Pavitra Sankaran is the author of Mira the Detective, a hOle book, which was earlier published as Something Fishy.
Archit works in software, and the author of the Superlative Supersleuths series.
This interview was originally published four years ago. According to Archit, ‘Pavithra is super excited about the interview, but not showing it. It’s because if she becomes a renowned author, she needs to start getting used to such things.’
AT: Hi Pavithra, how does one pronounce your name?
PS: Do you want the dictionary version or the deep-south version?
AT: We want both, if that’s fine with you.
PS: Dictionary : Pah (like Bah!) Vith (like Sith) Ra (like Egyptian Sun God)
Deep south (this is a true story): Ba (like sheep) Vu (Voodoo) Tha-Ra (like, umm, Tha-Ra?)
AT: Wow, your name pronunciation has a story in it too. You really like stories, don’t you?
PS: Oooh yes, I do! I like reading them and hearing them and writing them.
AT: What was the first ever story you read/heard?
PS: I’m not sure I remember the very first one I ever heard, but the one I remember best from my childhood involves a jackal sitting atop a throne of bones and declaring himself king of the jungle. It also had songs sung by a tiger, a lion and a gecko.
AT: That sounds like an interesting story. Was there a moral to the story? Stories seem to have a lot of morals, don’t they?
PS: The moral of that jackal story, to my mind, seemed to be that if you sit on a throne of bones, you’ll get made fun of by every passing animal.
I prefer stories with morals like that, if at all they should have one. The ones I like best, of course, are the utterly immoral stories. (Maybe don’t tell your parents that, they might never let you talk to me again).
AT: Parents, please take a note (we are obliged to take all comments in the interview). So, how did you get into writing? Is this your first book?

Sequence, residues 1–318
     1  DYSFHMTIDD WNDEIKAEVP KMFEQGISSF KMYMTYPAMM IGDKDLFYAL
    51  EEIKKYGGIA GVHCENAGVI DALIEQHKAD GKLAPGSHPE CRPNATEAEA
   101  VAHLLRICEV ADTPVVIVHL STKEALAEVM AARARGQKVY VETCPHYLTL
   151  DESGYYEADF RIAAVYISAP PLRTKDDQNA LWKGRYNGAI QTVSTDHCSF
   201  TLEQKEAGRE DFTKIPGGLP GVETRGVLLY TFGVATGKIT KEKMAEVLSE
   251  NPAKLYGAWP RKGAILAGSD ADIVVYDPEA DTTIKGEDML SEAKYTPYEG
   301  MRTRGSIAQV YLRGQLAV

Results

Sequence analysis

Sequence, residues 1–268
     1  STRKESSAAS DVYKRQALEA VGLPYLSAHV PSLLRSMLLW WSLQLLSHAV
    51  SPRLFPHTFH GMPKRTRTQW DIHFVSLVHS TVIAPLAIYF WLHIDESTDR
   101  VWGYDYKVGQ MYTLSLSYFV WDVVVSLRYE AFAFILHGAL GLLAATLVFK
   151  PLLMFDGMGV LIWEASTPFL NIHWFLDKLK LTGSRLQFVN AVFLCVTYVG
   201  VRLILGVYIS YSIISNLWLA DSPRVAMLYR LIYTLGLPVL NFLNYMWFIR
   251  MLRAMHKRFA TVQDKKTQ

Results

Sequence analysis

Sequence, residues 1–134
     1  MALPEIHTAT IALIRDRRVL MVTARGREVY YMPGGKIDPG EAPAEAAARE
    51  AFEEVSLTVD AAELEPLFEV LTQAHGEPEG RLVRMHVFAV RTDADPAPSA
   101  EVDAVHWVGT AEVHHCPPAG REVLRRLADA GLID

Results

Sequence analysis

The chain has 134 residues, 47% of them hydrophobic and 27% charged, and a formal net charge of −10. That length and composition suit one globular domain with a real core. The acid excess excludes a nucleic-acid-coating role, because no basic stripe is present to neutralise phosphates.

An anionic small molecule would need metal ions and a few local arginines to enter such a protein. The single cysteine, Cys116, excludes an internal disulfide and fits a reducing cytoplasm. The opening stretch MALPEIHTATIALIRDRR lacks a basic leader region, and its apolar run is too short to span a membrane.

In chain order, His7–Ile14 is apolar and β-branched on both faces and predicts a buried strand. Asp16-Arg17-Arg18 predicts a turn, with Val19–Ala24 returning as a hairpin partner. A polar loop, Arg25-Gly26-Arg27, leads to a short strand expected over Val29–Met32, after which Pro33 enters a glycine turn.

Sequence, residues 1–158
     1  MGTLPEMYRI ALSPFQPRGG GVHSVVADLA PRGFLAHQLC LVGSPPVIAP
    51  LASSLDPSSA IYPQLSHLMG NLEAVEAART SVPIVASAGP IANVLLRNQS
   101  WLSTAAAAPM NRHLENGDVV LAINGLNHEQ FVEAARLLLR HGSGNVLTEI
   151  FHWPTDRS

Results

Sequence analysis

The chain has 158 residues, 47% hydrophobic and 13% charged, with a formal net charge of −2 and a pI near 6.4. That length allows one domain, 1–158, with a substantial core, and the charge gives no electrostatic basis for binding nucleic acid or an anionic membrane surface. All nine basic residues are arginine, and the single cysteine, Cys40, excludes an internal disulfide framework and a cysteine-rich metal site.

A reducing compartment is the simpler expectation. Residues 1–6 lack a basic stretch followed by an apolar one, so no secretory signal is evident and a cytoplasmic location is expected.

PS: Yes, this is my first book. I “got into” writing in a rather fun way – by attending a swishwiffing workshop by Duckbill’s Platypuses.
They put us into a transmogrifier and when we came out we were writers.
AT: Could you explain what swishwiffing and transmogrifier mean? Are they safe to keep in a house?
PS: Swishwiffing is a scrumdiddlyumptious word that Roald Dahl invented. You can use it to describe anything that makes you wiggle with happiness. Transmogrifiers are magical boxes. You can turn any old box into a transmogrifier by writing on it the word you want to turn things (or people) into. Like Lollipops. Or Tigers. Or Writers. Pop them in the box and when they come out, they’ll be what you wrote on the outside (*Conditions apply). So, in a roundabout way, Transmogrifiers are a kind of spell-in-a-box.
They are completely safe for some people, but terribly dangerous to others.
AT: I hope the viewers understand that, and buy these at their discretion. Please tell us more about your book.
PS: In the book, you’ll meet Mira, a thoroughly inquisitive girl who can always smell when there’s something fishy going on. She can also smell when there is payasam anywhere nearby.
AT: So, Mira has the superpower of smell, to catch the bad guys?
PS: Haha, that would have been fun! She does have payasam-smelling superpowers, but to catch the bad guys she only uses a superpower we all have: she thinks and thinks and thinks!
AT: She does sound super smart. What is it like to write stories? Do you have any advice/spells for aspiring writers?
PS: The only advice I have for someone who want to write is: Do! As for spells, this one works rather well, I find: “Get Thee To Your Desk!”
AT: Now that you are an author, would you buy only pasteurized milk?
PS: I hate milk. It is only acceptable in the form of payasam.
AT: If you become a famous author, would you give all the money to charity?
PS: If I did become rich, yes, I would give away a lot of money to people who help to protect elephants and coral reefs and wonderful and comical birds like hornbills.
AT: Thank you Pa-vu-Tha-Ra for your time.
PS: That’s BA-vu-Tha-Ra! They’ll be most upset in my native Narasinganallur that you Pah-ed the Ba!